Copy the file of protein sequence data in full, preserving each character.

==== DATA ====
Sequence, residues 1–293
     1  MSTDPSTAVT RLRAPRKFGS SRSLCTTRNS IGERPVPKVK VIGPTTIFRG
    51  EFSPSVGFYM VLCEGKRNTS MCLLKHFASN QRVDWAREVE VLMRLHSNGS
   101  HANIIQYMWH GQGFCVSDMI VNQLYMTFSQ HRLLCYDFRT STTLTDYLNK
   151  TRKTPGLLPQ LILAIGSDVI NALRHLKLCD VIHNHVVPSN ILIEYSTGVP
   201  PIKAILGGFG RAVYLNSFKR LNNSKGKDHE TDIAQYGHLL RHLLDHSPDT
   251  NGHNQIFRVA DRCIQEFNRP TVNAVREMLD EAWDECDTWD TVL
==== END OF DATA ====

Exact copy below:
Sequence, residues 1–293
     1  MSTDPSTAVT RLRAPRKFGS SRSLCTTRNS IGERPVPKVK VIGPTTIFRG
    51  EFSPSVGFYM VLCEGKRNTS MCLLKHFASN QRVDWAREVE VLMRLHSNGS
   101  HANIIQYMWH GQGFCVSDMI VNQLYMTFSQ HRLLCYDFRT STTLTDYLNK
   151  TRKTPGLLPQ LILAIGSDVI NALRHLKLCD VIHNHVVPSN ILIEYSTGVP
   201  PIKAILGGFG RAVYLNSFKR LNNSKGKDHE TDIAQYGHLL RHLLDHSPDT
   251  NGHNQIFRVA DRCIQEFNRP TVNAVREMLD EAWDECDTWD TVL